185 Economists Warn Congress: "Fiscal Cliff" Tax Hikes Risk Economic Damage
ALEXANDRIA, Va., Dec. 12, 2012 /PRNewswire-USNewswire/ -- As Washington remains engaged in a war on words over the impending "Fiscal Cliff," an open letter from 184 leading economists released today is calling for concrete action: oppose higher taxes, set budget priorities, and get to work on reforming America's tax and entitlement programs. The 362,000-member National Taxpayers Union (NTU) organized the letter, which stressed that allowing tax rates to rise for anyone in a fiscal cliff deal "would have a significant, negative impact on the economy."
"At this critical point for our nation's financial future, the strong support from so many economists for a cautious approach to tax hikes and for meaningful spending restraint should serve as a clear warning to Congress," said NTU Executive Vice President Pete Sepp. "Resorting to tax hikes, particularly without budget or entitlement reform, is not just a raw deal for taxpayers, it's also a losing hand for the American economy."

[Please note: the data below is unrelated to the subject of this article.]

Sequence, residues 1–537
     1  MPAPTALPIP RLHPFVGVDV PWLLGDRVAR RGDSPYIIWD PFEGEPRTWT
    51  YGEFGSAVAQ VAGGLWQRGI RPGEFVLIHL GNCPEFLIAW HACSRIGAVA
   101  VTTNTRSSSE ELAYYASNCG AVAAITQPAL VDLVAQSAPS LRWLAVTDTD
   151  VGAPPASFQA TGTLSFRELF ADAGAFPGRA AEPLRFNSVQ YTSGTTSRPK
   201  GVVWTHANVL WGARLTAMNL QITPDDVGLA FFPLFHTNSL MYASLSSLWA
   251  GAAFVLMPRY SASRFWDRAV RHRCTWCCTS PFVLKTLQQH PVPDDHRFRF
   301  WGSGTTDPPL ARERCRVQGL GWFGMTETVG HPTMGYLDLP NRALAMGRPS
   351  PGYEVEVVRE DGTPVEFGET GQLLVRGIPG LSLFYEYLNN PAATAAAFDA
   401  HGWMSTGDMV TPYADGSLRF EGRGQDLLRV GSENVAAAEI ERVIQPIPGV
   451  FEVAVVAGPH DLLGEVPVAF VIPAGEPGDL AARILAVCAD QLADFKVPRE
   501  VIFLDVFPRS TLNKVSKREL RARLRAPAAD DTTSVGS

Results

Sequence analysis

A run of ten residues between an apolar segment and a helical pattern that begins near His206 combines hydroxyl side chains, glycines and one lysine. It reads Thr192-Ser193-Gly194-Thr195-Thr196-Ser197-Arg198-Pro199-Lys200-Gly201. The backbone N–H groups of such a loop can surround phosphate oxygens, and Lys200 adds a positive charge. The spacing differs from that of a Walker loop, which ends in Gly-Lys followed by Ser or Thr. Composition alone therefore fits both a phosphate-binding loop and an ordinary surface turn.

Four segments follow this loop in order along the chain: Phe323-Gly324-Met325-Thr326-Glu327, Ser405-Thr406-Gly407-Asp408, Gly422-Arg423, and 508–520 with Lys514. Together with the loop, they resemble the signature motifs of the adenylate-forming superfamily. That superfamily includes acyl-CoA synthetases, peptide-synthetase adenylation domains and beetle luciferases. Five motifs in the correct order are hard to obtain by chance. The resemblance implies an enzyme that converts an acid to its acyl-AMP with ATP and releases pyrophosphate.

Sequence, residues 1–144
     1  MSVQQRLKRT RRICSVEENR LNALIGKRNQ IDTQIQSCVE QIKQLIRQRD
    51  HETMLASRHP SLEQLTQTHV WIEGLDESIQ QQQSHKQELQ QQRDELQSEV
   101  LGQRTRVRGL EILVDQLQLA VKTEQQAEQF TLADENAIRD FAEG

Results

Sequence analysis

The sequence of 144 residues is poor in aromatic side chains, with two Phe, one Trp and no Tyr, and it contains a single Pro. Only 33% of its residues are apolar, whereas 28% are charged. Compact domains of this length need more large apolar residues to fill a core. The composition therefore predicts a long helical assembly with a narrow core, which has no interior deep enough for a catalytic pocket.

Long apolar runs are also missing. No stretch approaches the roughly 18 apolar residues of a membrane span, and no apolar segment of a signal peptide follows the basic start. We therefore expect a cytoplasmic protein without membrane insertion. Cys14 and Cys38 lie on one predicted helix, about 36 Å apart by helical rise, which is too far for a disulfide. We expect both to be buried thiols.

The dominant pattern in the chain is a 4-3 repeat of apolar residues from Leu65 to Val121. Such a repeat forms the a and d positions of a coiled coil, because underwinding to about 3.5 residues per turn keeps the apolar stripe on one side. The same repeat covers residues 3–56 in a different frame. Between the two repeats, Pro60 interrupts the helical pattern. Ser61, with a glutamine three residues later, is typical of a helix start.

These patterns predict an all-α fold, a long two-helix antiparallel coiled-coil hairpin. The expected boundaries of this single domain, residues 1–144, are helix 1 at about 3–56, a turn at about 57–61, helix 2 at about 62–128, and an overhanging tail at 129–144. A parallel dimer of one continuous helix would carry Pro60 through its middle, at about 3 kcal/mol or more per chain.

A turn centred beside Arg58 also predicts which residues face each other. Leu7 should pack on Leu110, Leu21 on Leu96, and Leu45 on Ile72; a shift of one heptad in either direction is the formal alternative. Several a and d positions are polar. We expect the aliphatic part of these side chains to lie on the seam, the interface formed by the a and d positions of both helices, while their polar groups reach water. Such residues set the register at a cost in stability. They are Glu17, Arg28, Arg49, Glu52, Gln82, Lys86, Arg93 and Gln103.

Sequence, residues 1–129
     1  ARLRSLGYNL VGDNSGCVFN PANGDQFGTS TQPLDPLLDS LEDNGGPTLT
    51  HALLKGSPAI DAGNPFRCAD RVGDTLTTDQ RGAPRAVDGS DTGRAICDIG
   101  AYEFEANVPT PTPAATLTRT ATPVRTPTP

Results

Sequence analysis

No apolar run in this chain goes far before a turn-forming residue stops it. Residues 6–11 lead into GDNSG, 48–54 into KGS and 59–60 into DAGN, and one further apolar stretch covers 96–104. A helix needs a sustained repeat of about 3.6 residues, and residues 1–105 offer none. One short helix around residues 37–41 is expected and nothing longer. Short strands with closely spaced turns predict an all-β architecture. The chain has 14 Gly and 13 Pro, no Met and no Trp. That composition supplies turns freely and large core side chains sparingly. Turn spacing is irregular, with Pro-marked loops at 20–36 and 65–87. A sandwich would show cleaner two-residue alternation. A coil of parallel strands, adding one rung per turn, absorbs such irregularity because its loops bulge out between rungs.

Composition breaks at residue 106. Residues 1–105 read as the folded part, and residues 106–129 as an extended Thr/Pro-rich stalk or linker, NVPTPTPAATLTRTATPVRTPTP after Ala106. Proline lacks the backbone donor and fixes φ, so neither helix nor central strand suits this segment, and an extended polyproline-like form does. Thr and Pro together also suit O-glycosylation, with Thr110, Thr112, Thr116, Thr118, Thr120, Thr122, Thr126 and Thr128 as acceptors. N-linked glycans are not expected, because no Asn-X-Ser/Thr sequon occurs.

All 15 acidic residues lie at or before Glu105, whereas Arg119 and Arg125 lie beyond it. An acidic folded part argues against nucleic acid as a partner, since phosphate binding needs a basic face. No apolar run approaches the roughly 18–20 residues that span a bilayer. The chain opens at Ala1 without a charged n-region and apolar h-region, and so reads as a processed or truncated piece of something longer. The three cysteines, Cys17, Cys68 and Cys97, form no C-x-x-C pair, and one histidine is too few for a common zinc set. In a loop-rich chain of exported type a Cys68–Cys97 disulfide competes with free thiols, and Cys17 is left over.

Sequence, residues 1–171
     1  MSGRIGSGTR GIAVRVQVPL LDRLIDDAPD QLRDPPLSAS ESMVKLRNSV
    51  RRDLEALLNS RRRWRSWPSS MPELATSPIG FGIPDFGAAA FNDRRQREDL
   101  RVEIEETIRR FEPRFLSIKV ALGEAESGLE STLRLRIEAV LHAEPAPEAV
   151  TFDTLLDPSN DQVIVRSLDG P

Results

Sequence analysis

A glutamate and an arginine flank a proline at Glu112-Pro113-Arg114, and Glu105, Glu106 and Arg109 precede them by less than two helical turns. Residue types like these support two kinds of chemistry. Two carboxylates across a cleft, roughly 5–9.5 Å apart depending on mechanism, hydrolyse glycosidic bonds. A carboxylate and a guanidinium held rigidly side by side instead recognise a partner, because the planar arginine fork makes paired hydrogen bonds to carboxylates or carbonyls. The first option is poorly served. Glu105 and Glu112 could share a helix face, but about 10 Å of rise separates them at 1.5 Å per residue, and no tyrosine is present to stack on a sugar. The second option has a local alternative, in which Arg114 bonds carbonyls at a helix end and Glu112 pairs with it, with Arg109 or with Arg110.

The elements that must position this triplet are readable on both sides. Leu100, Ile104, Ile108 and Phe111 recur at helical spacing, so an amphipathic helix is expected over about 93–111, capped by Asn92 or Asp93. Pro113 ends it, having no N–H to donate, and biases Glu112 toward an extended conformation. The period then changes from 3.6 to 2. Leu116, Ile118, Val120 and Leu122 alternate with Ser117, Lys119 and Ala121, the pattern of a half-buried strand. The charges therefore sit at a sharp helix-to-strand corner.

In their statement, the diverse group of 185 members of the economics community advised against allowing the 2001 and 2003 tax relief laws expire for "some or all taxpayers." They further contended broad tax and budget reform offers a better route that would avoid the negative consequences, such as job losses, of short-term revenue grabs:
"Low taxes can have a constructive economic effect by keeping money in the private sector, where it is far more likely to be utilized for efficient purposes. By contrast, raising taxes would divert resources into the relatively inefficient public sector, thereby curbing potential job creation and economic growth. This effect would be even more pronounced during a persistent slump."The signers included former Congressional Budget Office Director (and current American Action Forum President) Douglas Holtz-Eakin, and former Office of Management and Budget (OMB) Director Jim Miller; as well as scholars from a variety of well-known and respected academic entities. Sepp concluded, "Economists are becoming increasingly concerned that unless Washington stops gambling with other people's money and gets the federal government's own finances in order, the odds for a more prosperous year ahead will get much slimmer. Taxpayers would agree."
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